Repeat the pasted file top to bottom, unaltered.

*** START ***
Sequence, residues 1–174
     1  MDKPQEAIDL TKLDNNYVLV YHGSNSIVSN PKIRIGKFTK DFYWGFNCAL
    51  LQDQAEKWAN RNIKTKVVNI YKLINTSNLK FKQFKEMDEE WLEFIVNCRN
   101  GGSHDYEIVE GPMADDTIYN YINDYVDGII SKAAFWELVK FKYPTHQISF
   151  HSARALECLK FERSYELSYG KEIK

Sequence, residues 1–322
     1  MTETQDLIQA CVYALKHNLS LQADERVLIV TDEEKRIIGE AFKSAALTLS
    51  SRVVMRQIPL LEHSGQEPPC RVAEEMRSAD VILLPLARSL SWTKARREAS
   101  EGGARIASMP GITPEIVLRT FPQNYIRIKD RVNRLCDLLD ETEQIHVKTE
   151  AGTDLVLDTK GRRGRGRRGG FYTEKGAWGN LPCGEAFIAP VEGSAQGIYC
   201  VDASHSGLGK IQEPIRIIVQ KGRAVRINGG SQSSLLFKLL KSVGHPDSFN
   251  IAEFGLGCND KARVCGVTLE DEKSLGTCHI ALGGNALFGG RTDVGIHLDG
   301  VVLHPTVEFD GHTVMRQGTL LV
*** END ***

Sequence, residues 1–174
     1  MDKPQEAIDL TKLDNNYVLV YHGSNSIVSN PKIRIGKFTK DFYWGFNCAL
    51  LQDQAEKWAN RNIKTKVVNI YKLINTSNLK FKQFKEMDEE WLEFIVNCRN
   101  GGSHDYEIVE GPMADDTIYN YINDYVDGII SKAAFWELVK FKYPTHQISF
   151  HSARALECLK FERSYELSYG KEIK

Sequence, residues 1–322
     1  MTETQDLIQA CVYALKHNLS LQADERVLIV TDEEKRIIGE AFKSAALTLS
    51  SRVVMRQIPL LEHSGQEPPC RVAEEMRSAD VILLPLARSL SWTKARREAS
   101  EGGARIASMP GITPEIVLRT FPQNYIRIKD RVNRLCDLLD ETEQIHVKTE
   151  AGTDLVLDTK GRRGRGRRGG FYTEKGAWGN LPCGEAFIAP VEGSAQGIYC
   201  VDASHSGLGK IQEPIRIIVQ KGRAVRINGG SQSSLLFKLL KSVGHPDSFN
   251  IAEFGLGCND KARVCGVTLE DEKSLGTCHI ALGGNALFGG RTDVGIHLDG
   301  VVLHPTVEFD GHTVMRQGTL LV